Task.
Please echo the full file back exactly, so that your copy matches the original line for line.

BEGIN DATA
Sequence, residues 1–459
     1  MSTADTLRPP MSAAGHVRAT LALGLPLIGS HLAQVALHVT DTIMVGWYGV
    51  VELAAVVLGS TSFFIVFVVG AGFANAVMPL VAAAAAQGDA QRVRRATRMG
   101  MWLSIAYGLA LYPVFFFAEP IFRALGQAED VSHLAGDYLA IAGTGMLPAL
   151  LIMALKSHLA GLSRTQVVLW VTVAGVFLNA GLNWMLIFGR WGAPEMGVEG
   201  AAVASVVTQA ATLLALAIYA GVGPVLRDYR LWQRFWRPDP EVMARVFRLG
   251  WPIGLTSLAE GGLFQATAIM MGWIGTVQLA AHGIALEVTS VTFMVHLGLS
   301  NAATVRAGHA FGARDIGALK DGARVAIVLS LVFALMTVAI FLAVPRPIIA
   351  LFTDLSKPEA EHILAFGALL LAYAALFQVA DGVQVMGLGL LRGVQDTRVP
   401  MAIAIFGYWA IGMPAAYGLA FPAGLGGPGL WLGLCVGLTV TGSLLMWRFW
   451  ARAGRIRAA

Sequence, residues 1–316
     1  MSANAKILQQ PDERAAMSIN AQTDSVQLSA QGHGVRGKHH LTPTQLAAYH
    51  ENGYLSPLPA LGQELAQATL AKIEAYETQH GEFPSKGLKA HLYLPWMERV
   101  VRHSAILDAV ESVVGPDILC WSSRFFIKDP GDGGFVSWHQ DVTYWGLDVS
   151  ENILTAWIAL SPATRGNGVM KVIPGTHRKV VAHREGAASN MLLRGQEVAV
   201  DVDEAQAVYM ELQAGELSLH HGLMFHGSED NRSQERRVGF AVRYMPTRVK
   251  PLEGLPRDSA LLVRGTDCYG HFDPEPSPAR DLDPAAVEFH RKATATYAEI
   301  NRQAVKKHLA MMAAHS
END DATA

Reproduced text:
Sequence, residues 1–459
     1  MSTADTLRPP MSAAGHVRAT LALGLPLIGS HLAQVALHVT DTIMVGWYGV
    51  VELAAVVLGS TSFFIVFVVG AGFANAVMPL VAAAAAQGDA QRVRRATRMG
   101  MWLSIAYGLA LYPVFFFAEP IFRALGQAED VSHLAGDYLA IAGTGMLPAL
   151  LIMALKSHLA GLSRTQVVLW VTVAGVFLNA GLNWMLIFGR WGAPEMGVEG
   201  AAVASVVTQA ATLLALAIYA GVGPVLRDYR LWQRFWRPDP EVMARVFRLG
   251  WPIGLTSLAE GGLFQATAIM MGWIGTVQLA AHGIALEVTS VTFMVHLGLS
   301  NAATVRAGHA FGARDIGALK DGARVAIVLS LVFALMTVAI FLAVPRPIIA
   351  LFTDLSKPEA EHILAFGALL LAYAALFQVA DGVQVMGLGL LRGVQDTRVP
   401  MAIAIFGYWA IGMPAAYGLA FPAGLGGPGL WLGLCVGLTV TGSLLMWRFW
   451  ARAGRIRAA

Sequence, residues 1–316
     1  MSANAKILQQ PDERAAMSIN AQTDSVQLSA QGHGVRGKHH LTPTQLAAYH
    51  ENGYLSPLPA LGQELAQATL AKIEAYETQH GEFPSKGLKA HLYLPWMERV
   101  VRHSAILDAV ESVVGPDILC WSSRFFIKDP GDGGFVSWHQ DVTYWGLDVS
   151  ENILTAWIAL SPATRGNGVM KVIPGTHRKV VAHREGAASN MLLRGQEVAV
   201  DVDEAQAVYM ELQAGELSLH HGLMFHGSED NRSQERRVGF AVRYMPTRVK
   251  PLEGLPRDSA LLVRGTDCYG HFDPEPSPAR DLDPAAVEFH RKATATYAEI
   301  NRQAVKKHLA MMAAHS